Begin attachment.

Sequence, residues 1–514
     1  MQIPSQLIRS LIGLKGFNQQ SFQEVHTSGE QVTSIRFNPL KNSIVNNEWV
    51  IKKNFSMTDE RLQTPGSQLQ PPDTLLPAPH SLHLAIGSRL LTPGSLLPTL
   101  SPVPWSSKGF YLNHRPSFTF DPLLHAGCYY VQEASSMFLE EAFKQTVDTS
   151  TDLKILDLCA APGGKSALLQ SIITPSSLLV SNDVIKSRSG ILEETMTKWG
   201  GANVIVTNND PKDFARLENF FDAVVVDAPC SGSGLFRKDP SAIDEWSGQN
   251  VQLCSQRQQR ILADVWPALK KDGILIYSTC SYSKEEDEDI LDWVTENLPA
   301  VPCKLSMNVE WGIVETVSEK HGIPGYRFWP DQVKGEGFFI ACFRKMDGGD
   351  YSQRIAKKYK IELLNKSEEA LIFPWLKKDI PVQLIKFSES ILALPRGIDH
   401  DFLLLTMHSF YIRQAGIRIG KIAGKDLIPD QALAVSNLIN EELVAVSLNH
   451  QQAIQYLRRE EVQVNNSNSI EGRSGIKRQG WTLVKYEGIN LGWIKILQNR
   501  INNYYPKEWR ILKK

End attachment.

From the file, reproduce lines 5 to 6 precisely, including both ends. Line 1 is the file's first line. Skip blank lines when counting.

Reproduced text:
   151  TDLKILDLCA APGGKSALLQ SIITPSSLLV SNDVIKSRSG ILEETMTKWG
   201  GANVIVTNND PKDFARLENF FDAVVVDAPC SGSGLFRKDP SAIDEWSGQN